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  1. #1

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    Carlsbad Caverns lighting

    I haven't been down in the cave in many years but now that I've got the Mamiya I want to go before the tourist season. Planning on Saturday if nothing comes up. I know I'll need the tripod but what kind of exposures can I expect, using the lighting they provide? A lot of photos I see posted on the web are awfully orange, so I got two rolls of tungsten film. I also have plenty of Velvia on hand. Are the lights still tungsten or are they metal halide now? I also will take black and white (those changeable film backs are great). I have the 35mm lens so I can get some real wide shots. I do have a Sunpak 622 Super with the zoom head, but seems like I recall they don't like people using flashes. Is that true? Also I doubt it is wide enough for the lens I have, unless I take multiple exposures and move the light around. I finally got my enlarger all set up for 645 so I can do some b&w printing at home instead of sending them out.

    Doug

  2. #2
    glbeas's Avatar
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    I'd forget the flash except for farly close areas, caves tend to eat light in a bad way. These large rooms need about 10 to 20 times the power the sunpak can usually deliver. The existing lighting is extremely variable so you'll have to make judgements on what will work. Talk to the rangers about the tripod and get in very early, as soon as the cave is open to avoid the worst of the crowds. Good luck.
    Gary Beasley

  3. #3

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    Check out the gallery at the site below. If you can use flash - the larger flash bulbs are your best bet. There are some good examples at the meggaflash site of caves and a great one of a train on a tressel at nite.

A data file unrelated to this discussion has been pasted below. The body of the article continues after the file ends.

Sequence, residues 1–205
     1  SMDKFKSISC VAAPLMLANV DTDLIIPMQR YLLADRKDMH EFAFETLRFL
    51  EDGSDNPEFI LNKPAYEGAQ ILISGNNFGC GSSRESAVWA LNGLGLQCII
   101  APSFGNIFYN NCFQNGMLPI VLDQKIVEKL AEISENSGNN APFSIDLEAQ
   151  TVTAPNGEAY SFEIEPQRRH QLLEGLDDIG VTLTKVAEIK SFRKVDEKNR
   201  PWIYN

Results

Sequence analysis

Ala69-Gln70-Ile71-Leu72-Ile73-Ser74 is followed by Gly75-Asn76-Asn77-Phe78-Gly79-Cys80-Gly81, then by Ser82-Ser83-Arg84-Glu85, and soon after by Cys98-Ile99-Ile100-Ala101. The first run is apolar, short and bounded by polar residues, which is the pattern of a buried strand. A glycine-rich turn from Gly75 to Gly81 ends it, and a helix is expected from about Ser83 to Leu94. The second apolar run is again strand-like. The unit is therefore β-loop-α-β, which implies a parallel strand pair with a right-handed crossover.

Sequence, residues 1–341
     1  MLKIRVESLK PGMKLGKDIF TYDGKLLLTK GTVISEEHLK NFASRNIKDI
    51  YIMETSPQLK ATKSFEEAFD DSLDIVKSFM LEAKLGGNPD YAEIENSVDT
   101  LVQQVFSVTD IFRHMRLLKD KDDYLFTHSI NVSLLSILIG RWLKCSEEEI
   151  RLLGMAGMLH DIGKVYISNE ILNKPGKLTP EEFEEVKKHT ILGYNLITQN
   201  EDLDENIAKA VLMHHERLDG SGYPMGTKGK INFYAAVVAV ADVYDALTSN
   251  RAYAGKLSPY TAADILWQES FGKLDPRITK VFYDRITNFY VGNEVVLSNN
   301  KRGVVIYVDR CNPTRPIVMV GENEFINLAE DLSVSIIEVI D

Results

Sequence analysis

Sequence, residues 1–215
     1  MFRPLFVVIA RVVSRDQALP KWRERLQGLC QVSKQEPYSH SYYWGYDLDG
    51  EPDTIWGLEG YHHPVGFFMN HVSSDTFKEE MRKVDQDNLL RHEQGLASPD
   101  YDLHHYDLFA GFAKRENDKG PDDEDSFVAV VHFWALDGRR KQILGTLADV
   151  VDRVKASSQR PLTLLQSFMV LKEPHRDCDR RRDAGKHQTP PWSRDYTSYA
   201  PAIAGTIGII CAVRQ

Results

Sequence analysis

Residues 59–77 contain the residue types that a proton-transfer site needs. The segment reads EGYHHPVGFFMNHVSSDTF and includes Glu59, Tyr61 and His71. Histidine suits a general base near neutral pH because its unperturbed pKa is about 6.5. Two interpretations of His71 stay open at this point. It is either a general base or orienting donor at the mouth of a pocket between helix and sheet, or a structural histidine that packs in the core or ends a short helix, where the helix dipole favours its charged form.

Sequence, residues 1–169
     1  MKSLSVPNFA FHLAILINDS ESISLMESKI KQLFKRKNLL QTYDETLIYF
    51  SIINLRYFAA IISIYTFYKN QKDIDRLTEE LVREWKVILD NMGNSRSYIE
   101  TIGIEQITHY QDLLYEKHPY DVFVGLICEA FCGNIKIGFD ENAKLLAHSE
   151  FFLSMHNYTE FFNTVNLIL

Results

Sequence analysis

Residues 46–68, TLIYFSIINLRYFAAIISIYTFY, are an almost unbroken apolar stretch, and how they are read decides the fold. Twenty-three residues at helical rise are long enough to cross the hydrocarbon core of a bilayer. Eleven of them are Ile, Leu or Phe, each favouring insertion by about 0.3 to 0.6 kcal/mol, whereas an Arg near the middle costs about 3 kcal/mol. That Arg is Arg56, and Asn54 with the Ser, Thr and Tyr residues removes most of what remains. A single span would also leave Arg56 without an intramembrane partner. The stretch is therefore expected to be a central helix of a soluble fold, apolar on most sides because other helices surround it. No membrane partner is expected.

http://www.meggaflash.com/

    Gord

  4. #4

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    Well, I went and shot three rolls. I developed two this afternoon, the color roll is at the lab waiting processing. There were very few people there, it's off season. The rangers were extremely nice, not a single problem. I used the 35mm lens wide open for all the shots, at times it wasn't wide enough. The lighting has been updated (less energy) so color temp is all over the place. They even have led lights. A lot of warm white compact flourescents but also cool white ones. Exposures ranged from two to 30 seconds. Here is one shot:


    Doug

  5. #5
    reellis67's Avatar
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    Caves need a really powerful flash, by that I mean flashbulbs. You should be able to use Press 25 bulbs and get reasonable results in small and medium rooms, but larger bulbs would be better in large and very large rooms. Check in advance on the tripod use rules - some commercial caves do not allow them and others do. A tripod will make the end result much better, but if you can't use one, take a clamp tripod along and use the handrails when you can.

    Chris Howes has two really useful books on cave photography, but I believe that they are both out of print. They are fairly easy to come by and might give you some good ideas.

    Try to light specific formations from the side to get nice shadows which will give a good sense of texture and detail - frontal lighting on formations tends to leave a burned out area with deep shadows in the background. Some thin formations looks perticularly good when backlit with a flash, but it can be a bear to meter. Best to take a few frames using different settings just to be sure if you have problems metering these. When shooting a room, try to meter for the existing lighting and use the flash to bring up areas that are not well lit, but don't forget the inverse square rule! You might find that you get better results working smaller areas and specific formations unless you have a way to steady the camera for a long exposure.

    Good luck, and please show us what you got when you get back!

    - Randy



 

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